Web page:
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Updated 12/17/2010

EPIC Urges Court Review of Surveillance Program. 

EPIC, in cooperation with the Stanford Constitutional Law Center, filed a "friend-of-the-court" brief (pdf) in "Hepting v. AT&T." This lawsuit alleges that AT&T allowed the government to wiretap calls and e-mails without judicial authority. The U.S. government and AT&T seek to dismiss this case. The EPIC brief states, "The statutes and constitutional provisions relied upon in the complaint are designed to interpose the courts between citizens and the government when government conducts surveillance that it naturally would prefer to conduct in secret and wholly at its own discretion . . . . This litigation should thus proceed, lest the privacy claims here be made effectively unreviewable." For more information, see EPIC's Resources on Domestic Surveillance and Spotlight on Surveillance on the NSA Program. (http://epic.org/privacy/hepting/)

Congress will Consider Amnesty to Telecom Providers

Congress returned Tuesday from a two-week spring break to find the Bush administration now willing to talk compromise on new wiretapping powers, and on amnesty for telecoms that spied on U.S. citizens. That means an end to the drama that's characterized the debate thus far -- a closed congressional session; Mr. Smith Goes to Washington-style floor speeches, and unrelenting, factually-challenged charges that lawmakers are blindfolding the nation's spies. Now negotiations over the bill will likely happen over weeks and months, behind closed doors, with the House horse-trading oversight provisions with the Senate in exchange for a compromise on total amnesty for the nation's telecoms.  (Wired Magazine - http://www.wired.com/politics/onlinerights/news/2008/04/fisa_faq?currentPage=all)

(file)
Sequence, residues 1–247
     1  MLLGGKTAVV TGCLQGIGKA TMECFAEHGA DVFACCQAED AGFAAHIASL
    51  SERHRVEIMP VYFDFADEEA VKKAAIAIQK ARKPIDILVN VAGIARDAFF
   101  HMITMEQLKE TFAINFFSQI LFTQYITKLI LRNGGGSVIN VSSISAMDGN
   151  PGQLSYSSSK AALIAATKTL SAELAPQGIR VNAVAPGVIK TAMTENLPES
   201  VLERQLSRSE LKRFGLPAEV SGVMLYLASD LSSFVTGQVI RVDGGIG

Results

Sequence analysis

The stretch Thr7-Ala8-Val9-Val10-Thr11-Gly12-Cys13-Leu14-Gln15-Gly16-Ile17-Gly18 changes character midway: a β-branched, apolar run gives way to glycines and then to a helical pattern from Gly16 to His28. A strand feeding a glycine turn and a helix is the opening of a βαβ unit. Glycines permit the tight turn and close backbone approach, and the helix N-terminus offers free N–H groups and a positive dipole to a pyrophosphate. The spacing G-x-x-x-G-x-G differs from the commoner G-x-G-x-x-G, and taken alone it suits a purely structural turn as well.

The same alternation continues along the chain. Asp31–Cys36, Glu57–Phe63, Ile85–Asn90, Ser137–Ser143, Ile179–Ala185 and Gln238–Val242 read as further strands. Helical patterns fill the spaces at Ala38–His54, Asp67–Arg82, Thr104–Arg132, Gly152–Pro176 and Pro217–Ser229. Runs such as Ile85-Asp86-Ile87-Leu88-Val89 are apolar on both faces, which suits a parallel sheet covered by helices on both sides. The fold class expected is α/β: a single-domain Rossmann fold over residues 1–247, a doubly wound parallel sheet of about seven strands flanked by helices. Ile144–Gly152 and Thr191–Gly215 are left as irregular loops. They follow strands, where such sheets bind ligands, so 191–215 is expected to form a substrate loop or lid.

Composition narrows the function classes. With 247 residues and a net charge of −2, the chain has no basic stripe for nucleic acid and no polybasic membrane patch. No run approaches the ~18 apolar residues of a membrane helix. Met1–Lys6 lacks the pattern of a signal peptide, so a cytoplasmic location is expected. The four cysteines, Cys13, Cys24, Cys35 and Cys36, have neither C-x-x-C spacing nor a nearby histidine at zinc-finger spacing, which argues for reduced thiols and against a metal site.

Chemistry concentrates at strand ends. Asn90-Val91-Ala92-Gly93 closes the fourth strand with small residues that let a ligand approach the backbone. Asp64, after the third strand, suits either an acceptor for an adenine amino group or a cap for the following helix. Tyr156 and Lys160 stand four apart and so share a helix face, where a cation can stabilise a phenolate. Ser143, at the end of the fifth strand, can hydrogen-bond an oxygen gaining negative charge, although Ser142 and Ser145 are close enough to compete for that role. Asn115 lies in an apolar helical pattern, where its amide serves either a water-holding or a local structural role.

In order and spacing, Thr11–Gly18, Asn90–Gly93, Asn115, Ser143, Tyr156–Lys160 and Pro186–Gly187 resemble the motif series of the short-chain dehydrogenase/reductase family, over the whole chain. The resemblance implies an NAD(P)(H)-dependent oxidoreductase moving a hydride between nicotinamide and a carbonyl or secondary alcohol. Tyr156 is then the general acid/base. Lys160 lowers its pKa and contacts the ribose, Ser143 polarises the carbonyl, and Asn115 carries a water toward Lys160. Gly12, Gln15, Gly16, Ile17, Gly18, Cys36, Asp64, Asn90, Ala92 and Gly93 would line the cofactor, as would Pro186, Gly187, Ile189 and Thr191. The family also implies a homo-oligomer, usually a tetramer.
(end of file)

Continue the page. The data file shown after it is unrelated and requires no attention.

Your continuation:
FBI's $500 Million Wiretap Retrofitting Fund Empty

The FBI has gone through nearly all of its $500 millon budget for making old telephone switches wiretap friendly, but an FBI survey showed that nearly 40 percent of the nation's switches still aren't up to federal wiretapping standards, according to a new report from the Justice Department's inspector general.

When listening in to criminals, the FBI uses DCS-3000 to connect to wiretap-friendly telephone switches. A 1994 law known as the Communications Assistance to Law Enforcement Act or CALEA requires all telephone switches installed after 1995 to comply with detailed wiretapping rules, and Congress set aside a half billion dollars for the FBI to dole out to help carriers make older landline switches compliant.

Cell phone switches, however, are all compliant and nearly all FBI surveillance targets cell phones and pagers. In 2005, the feds got some 1800 criminal wiretap court orders, along with nearly 2,200 court orders for anti-terrorism and foreign intelligence wiretaps.

According to a redacted report from the DOJ's Inspector General, the FBI has only a little more than $5000 left in dedicated CALEA funds, which mostly went towards paying switch manufacturers to write wiretapping software and issue licenses to use that software for older switches. The audit says it is not possible to tell if the money was well-spent, since neither the telecoms nor the switch makers are keen on sharing information.

Ben Levitan
919-605-3003 (mobile)

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